Inform them of the identity theft and take the following precautions:

  • Close or freeze the affected accounts to prevent further unauthorized transactions
  • Provide them with a copy of your identity theft report or case number for their records
  • Ask for any documentation or affidavits they require to confirm the fraudulent activity

Keep records of all communications with these companies, including names of representatives, dates, and details of the conversations.

File a Report With the Federal Trade Commission (FTC)

Visit the federal government’s official website for identity theft victims (IdentityTheft.gov) or call its identity theft hotline at 1-877-438-4338 to file a complaint.

The FTC will provide you with an identity theft affidavit, which serves as an official record of the theft and can be helpful when disputing fraudulent accounts and transactions with creditors and businesses. The FTC also provides valuable resources and guidance on how to recover from identity theft and protect yourself from further harm.

Place a Fraud Alert on Your Credit Reports

Having taken the crucial steps, you may wonder—why should you notify the credit bureaus if you are a victim of identity theft? Once notified, the major credit bureaus place a fraud alert on your credit report, preventing further unauthorized access and financial damage.

A fraud alert is a notice on your credit report that informs potential creditors they need to verify your identity before extending credit in your name. It typically lasts for one year but can be extended as needed.

Who Should You Contact To Freeze Your Credit?

You should consider freezing your credit as an extra layer of protection. A credit freeze restricts access to your credit reports, making it challenging for identity thieves to open new accounts in your name.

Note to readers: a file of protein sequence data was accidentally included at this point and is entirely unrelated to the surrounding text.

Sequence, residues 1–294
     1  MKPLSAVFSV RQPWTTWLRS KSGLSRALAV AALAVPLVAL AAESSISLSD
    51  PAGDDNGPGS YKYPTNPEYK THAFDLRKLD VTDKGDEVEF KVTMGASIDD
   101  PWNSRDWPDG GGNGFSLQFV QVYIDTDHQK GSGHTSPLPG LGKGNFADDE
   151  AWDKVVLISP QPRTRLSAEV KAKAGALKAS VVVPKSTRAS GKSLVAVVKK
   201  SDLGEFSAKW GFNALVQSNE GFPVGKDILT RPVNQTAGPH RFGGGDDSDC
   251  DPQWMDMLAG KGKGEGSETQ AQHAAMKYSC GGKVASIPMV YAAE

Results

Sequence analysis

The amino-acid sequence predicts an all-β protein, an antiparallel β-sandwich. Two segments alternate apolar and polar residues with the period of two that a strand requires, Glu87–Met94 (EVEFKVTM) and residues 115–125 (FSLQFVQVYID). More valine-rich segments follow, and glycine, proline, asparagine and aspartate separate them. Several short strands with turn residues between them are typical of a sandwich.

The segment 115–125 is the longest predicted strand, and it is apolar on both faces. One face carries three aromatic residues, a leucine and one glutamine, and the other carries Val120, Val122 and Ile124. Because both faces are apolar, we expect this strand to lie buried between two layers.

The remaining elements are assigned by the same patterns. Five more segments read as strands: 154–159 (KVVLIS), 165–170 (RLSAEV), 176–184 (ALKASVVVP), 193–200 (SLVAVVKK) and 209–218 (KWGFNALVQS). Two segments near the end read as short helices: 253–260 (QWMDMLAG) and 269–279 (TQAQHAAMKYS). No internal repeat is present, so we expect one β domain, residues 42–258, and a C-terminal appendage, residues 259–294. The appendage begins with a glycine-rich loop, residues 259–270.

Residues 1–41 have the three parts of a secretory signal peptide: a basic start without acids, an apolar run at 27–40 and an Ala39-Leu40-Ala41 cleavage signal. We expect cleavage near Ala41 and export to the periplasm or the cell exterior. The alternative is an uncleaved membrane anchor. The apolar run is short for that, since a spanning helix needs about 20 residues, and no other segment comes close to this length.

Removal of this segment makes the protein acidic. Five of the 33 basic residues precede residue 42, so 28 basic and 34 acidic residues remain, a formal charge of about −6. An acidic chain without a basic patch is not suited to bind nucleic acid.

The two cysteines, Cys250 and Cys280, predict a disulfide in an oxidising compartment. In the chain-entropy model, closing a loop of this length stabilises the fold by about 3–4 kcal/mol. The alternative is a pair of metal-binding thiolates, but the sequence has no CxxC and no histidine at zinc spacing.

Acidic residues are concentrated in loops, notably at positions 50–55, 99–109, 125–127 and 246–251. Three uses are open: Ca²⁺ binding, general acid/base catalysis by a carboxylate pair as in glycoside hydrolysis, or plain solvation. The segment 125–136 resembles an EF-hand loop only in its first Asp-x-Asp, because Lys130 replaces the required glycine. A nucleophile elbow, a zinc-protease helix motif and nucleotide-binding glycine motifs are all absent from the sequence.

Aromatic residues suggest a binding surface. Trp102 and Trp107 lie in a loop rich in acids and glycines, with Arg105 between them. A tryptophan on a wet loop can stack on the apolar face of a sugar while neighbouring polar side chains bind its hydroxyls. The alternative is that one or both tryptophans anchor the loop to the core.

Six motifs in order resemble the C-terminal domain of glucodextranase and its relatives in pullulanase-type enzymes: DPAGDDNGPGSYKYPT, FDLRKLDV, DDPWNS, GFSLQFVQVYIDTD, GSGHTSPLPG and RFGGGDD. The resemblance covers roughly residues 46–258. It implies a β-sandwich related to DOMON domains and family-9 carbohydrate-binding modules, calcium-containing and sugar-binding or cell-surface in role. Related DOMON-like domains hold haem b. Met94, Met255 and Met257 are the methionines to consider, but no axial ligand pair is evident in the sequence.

To freeze your credit, contact the three major credit bureaus online, by phone, or through regular mail and follow their procedures for freezing and unfreezing your credit. Here’s how you can reach them:

Credit BureauContact Number

In most cases, you can initiate a credit freeze online by following the instructions provided on the respective credit bureau’s website. This usually involves providing necessary information, such as your name, SSN, date of birth, and current address.

The Importance of Freezing Your Credit

A credit freeze offers powerful protection against the ever-present threat of identity theft and financial fraud. Here are the main reasons why freezing your credit is crucial:

  1. Prevents unauthorized access
  2. Mitigates the risk of identity theft
  3. Protects your financial future
  4. Preserves your credit score

Prevents Unauthorized Access

A credit freeze is like a fortress around your credit reports—when you freeze your credit, you block unauthorized access to your financial history. This means that identity thieves will find it difficult—if not impossible—to open new credit accounts or take out loans or credit cards in your name.

Mitigates the Risk of Identity Theft

Identity theft is a multi-step process that starts with the theft of personal information. When identity thieves obtain your SSN, date of birth, and other identifying details, they can use this data to apply for credit accounts or loans in your name. A credit freeze disrupts this process by denying them access to your credit reports, thwarting their efforts to misuse your identity.

Protects Your Financial Future

Identity fraud can lead to severe financial consequences, including substantial debt, damaged credit scores, and legal issues resulting from fraudulent activities in your name. A credit freeze acts as a proactive defense mechanism, shielding your financial future from these threats.

Preserves Your Credit Score